Has Walt Disney World lost its luster? Is Universal no longer a wizarding wunderkind? For British visitors to Orlando, these are key questions – and the answers may shock the region’s tourism industry. Orlando-based authors Simon and Susan Veness are celebrating the 25thanniversary of their best-selling guidebook, A Brit Guide to Orlando, this month with a look at exactly why The City Beautiful has been the leading long-haul destination for Brits in the last quarter-century, and how their priorities have radically evolved.
Authors Simon & Susan Veness
The theme parks and weather remain part of the attraction, but there are surprising reasons why the Brits keep coming back year after year – like Walmart, Target, IHOP and Denny’s. Founding author Simon, who hails from the UK, explains, “For most Brits, Orlando is their first experience of the U.S.A. and they are just as smitten with cultural experiences like breakfast diners as they are with Disney and Co.
“Then, when they discover these huge stores that Americans take for granted, they feel like they’re in an Aladdin’s Cave, where the usual rules don’t apply. They can shop around the clock, have breakfast at 3:00am, and then go and meet Mickey. It is a win-win-win.”
Disney expert and co-author Susan was born in Michigan and admits it was initially hard to adjust her thinking to such basic facets as describing the difference between Perkins restaurants and TGI Fridays. She says, “I’ve learned a lot about what the British vacation mentality homes in on. Just to start with, they usually come for at least ‘a fortnight,’ which is two weeks to us, and they are focused just as much on shopping as the theme parks. But they also love places like Discovery Cove and the water parks, and are amazed by Florida’s wildlife. Take a UK visitor to Gatorland and they are completely spellbound. It’s so unexpected.”
The last 25 years have seen significant changes in what the Brits do while they’re here, and it is reflected in the Brit Guide, which has grown from 180 pages in its first edition to 352 today, developing new sections such as Off The Beaten Track and Twin Center Options, pairing a week or more in Orlando with a stay at one of Florida’s great beach destinations, or a cruise.
It’s a trend local businesses would be well advised to note. According to Simon, “When we first started, Orlando was a simpler destination, with only five theme parks and a handful of other attractions. Now there are 10 parks and many more additional diversions, but it’s the genuine Floridian experiences that really capture the British imagination, like airboat rides, state parks, and animal encounters. Many visitors have been here 15, 20 times or more and are interested in places they haven’t visited before; tastes of small-town America in places like Winter Garden, Mount Dora, DeLand and Winter Park.”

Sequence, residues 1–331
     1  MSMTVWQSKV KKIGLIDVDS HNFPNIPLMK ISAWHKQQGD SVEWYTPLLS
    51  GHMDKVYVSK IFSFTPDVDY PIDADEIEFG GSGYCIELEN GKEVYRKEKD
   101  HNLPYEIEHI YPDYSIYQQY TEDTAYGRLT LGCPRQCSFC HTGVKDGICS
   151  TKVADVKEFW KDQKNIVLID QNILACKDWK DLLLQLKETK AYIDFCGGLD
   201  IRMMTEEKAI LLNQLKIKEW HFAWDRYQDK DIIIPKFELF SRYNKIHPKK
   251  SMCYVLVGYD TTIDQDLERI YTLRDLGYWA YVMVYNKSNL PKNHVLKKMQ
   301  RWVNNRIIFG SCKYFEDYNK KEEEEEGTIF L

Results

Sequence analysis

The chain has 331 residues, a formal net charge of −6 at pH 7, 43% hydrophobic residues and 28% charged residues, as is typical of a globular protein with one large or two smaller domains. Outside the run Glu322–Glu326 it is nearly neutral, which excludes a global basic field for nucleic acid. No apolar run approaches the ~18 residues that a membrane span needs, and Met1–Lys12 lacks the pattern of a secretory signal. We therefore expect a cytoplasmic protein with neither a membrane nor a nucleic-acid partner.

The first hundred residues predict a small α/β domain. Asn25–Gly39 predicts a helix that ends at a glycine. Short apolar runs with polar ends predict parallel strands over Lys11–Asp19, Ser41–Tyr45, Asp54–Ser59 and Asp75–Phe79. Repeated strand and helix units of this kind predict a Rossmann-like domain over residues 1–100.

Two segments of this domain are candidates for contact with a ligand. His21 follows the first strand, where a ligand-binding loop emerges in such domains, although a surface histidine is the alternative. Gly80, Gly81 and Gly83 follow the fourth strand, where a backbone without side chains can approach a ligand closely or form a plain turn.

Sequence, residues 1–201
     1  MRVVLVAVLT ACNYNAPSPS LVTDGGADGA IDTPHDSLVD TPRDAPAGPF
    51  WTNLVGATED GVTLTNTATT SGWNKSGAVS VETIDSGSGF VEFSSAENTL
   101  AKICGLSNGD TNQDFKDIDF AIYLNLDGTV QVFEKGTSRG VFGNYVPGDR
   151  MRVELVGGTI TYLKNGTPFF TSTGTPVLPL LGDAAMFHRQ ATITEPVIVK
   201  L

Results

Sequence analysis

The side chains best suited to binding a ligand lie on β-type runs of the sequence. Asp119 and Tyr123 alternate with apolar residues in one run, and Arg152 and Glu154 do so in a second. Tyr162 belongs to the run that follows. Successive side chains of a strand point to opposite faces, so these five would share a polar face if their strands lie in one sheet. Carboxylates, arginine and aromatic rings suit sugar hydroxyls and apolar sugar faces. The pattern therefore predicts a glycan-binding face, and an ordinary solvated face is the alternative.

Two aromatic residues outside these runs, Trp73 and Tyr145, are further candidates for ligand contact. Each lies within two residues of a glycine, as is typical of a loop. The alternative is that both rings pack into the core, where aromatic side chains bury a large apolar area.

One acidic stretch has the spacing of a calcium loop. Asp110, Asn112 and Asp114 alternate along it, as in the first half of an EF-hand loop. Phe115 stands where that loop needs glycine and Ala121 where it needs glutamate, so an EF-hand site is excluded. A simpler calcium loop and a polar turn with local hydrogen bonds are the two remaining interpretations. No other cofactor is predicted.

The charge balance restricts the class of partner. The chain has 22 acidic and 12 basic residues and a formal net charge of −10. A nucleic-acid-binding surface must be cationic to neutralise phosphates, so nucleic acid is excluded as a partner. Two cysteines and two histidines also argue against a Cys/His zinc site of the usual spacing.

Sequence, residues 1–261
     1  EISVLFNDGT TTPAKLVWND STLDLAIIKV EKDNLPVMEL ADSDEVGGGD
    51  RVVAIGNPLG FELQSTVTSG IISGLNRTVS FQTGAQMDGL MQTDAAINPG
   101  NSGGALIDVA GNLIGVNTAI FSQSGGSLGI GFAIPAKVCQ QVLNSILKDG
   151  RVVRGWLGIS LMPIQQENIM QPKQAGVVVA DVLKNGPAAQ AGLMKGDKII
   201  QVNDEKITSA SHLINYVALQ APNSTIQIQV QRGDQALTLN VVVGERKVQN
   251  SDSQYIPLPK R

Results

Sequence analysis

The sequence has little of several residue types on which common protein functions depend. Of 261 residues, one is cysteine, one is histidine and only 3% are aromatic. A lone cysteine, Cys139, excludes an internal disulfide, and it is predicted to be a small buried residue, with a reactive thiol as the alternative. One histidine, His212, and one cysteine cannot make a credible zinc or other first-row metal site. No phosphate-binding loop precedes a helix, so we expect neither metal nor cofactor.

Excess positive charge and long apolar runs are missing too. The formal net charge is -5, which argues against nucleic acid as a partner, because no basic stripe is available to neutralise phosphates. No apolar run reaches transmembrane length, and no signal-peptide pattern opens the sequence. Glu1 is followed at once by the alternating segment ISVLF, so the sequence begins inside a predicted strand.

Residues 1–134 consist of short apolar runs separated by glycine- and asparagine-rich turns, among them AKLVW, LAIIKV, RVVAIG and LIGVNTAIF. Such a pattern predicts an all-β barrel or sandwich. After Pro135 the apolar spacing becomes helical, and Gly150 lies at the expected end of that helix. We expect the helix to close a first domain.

Susan notes our UK cousins are also focused on the city’s great array of fine restaurant options, and the burgeoning craft brewery scene these days. “British visitors do an amazing amount of research to ensure they visit the latest happening restaurant, bar or brewery,” she says. “We continually get asked about new dining experiences, and people often pay as much attention to their restaurant choice as they do to the theme parks.”
Ultimately, Orlando’s big lures are its cultural experiences, value for money, and consistent high quality. Simon explains, “The average British holiday-maker is price-driven. They’re happy to spend big on their annual vacation, as long as they get a cost-conscious experience they can’t get at home. We’ve seen a big down-turn in Brits booking both Disney andUniversal, for cost reasons, for example. Attractions that offer a full day out for less than the cost of a day at the theme parks will be extremely popular.”
- The Brit Guide to Orlando(published by Foulsham) is the UK’s best-selling guidebook of any kind in the past 20 years.
For interview opportunities or further information to support a feature on UK visitors to Orlando, contact Simon & Susan Veness at Veness Travel Media on 407 506 3003 or email firstname.lastname@example.org.